Im sorry if this is vague. I dont know exactly how to make this interact with our already exisiting exe.

I can get that modified if I know what needs to be changed. I appreacite any help.

  • 写回答
  • 好问题 提建议
  • 追加酬金
  • 关注问题
  • 邀请回答

1条回答 默认 最新

  • douxunnian0423 2019-08-15 18:02

    OK, that's much clearer now. Well, ideally you should start with some tutorial on what constitutes a Windows service—I bet tihis might have solved the problem for you. But let's try anyway.

    Some theory

    A Windows service sort of has two facets: it performs some useful task and it communicates with the SCM facility. When you manipulate a service using the sc command or through the Control Panel, you have that piece of software to talk with SCM on your behalf, and SCM talks with that service.

    The exact protocol the SCM and a service use is low-level and complicated and the point of the Go package you're using is to hide that complexity from you and offer a reasonably Go-centric interface to that stuff.

    As you might gather from your own example, the Execute method of the type you've created is—for the most part—concerned with communicating with SCM: it runs an endless for loop which on each iteration sleeps on reading from the r channel, and that channel delivers SCM commands to your service.

    So you basically have what could be called "an SCM command processing loop".

    Now recall those two facets above. You already have one of them: your service interacts with SCM, so you need another one—the code which actually performs useful tasks.

    In fact, it's already partially there: the example code you've grabbed creates a time ticker which provides a channel on which it delivers a value when another tick passes. The for loop in the Execute method reads from that channel as well, "doing work" each time another tick is signalled.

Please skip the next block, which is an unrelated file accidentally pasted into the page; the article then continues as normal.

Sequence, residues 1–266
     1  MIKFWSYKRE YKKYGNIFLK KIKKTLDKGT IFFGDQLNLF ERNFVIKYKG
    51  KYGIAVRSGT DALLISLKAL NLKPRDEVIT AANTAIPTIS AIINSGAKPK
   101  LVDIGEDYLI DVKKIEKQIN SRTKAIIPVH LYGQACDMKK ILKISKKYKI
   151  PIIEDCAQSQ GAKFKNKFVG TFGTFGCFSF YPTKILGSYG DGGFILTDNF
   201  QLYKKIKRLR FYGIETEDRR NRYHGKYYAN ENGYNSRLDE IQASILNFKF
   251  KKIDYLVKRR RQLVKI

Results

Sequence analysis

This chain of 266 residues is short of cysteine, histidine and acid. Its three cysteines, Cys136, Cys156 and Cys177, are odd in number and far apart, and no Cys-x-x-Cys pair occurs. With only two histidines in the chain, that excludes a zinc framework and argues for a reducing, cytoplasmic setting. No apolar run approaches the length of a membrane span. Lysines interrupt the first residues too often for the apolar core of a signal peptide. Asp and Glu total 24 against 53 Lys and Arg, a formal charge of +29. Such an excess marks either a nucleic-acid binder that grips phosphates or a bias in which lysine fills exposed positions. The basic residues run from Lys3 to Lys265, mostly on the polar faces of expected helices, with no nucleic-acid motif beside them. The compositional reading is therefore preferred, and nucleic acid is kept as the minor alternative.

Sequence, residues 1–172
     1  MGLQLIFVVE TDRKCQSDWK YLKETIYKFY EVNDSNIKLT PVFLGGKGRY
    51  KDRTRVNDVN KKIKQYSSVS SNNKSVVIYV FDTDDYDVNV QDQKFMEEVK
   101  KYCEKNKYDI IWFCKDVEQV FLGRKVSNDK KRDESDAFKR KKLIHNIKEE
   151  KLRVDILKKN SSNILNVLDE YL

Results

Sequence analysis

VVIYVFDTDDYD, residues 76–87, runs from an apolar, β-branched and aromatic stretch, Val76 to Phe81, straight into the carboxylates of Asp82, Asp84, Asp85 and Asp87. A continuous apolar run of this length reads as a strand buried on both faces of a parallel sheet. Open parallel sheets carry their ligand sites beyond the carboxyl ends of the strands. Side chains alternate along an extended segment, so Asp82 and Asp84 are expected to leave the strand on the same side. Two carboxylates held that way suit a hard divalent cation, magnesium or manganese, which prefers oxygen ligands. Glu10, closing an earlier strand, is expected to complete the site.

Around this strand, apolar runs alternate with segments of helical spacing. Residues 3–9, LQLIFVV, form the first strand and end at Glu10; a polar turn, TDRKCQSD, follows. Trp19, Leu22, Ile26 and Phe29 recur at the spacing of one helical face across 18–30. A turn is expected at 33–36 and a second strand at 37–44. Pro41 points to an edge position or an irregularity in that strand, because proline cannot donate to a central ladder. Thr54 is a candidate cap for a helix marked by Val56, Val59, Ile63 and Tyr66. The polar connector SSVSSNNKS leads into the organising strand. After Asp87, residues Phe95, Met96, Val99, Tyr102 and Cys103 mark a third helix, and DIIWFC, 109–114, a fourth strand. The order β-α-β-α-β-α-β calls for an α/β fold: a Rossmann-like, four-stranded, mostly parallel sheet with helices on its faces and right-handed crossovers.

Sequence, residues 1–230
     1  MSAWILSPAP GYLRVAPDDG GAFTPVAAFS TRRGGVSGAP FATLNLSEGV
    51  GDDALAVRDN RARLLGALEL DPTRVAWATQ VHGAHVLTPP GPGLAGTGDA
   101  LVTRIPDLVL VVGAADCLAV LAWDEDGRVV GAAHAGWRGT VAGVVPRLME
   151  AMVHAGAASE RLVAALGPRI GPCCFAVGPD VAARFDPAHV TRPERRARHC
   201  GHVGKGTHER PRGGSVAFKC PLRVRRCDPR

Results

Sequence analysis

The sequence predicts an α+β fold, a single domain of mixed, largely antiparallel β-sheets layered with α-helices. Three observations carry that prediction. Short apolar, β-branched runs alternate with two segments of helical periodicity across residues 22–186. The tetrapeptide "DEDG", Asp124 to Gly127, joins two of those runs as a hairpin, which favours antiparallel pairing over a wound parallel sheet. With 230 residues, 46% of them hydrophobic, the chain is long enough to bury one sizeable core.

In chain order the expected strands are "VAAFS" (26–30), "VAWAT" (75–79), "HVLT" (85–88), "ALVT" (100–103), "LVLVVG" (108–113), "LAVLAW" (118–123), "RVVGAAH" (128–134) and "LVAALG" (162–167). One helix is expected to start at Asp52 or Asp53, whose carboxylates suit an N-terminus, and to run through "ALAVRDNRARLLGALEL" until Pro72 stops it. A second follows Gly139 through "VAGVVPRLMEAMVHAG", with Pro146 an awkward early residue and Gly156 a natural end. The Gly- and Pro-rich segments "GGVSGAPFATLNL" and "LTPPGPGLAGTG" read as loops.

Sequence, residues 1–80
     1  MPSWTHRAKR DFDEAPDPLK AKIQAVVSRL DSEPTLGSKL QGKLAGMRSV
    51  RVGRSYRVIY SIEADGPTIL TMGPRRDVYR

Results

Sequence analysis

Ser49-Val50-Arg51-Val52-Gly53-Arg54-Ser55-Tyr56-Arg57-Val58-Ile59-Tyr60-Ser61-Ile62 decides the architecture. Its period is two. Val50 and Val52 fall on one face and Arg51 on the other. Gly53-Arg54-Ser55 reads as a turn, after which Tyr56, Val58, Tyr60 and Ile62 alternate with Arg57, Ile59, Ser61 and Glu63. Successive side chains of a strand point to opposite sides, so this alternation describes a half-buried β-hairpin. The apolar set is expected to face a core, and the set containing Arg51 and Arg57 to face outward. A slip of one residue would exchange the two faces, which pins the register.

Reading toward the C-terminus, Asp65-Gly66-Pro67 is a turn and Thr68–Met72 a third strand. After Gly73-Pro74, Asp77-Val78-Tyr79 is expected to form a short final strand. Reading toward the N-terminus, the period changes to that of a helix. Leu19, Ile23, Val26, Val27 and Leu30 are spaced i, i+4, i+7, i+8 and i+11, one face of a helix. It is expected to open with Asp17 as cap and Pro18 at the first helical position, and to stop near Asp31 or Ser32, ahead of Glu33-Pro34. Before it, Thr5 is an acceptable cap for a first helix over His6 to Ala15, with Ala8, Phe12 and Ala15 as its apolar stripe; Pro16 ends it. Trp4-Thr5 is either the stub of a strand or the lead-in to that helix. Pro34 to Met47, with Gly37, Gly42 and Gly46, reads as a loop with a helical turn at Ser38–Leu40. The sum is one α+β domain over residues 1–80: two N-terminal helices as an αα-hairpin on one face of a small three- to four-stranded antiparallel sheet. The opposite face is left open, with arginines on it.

OK, this is fine for a toy example but lame for a real work.

    Approaching the solution

    So let's pause for a moment and think about our requirements.

    1. We need some code running and doing our actual task(s).
    2. We need the existing command processing loop to continue working.
    3. We need these two pieces of code to work concurrently.

    In this toy example the 3rd point is there "for free" because a time ticker carries out the task of waiting for the next tick automatically and fully concurrently with the rest of the code.

    Your real code most probably won't have that luxury, so what do you do?

    In Go, when you need to do something concurrently with something else, an obvious answer is "use a goroutine".

    So the first step is to grab your existing code, turn it into a callable function and then call it in a separate goroutine right before entering the for loop. This way, you'll have both pieces run concurrently.

    The hard parts

    OK, that wasn't hard.

    The hard parts are:

    • How to configure the code which performs the tasks.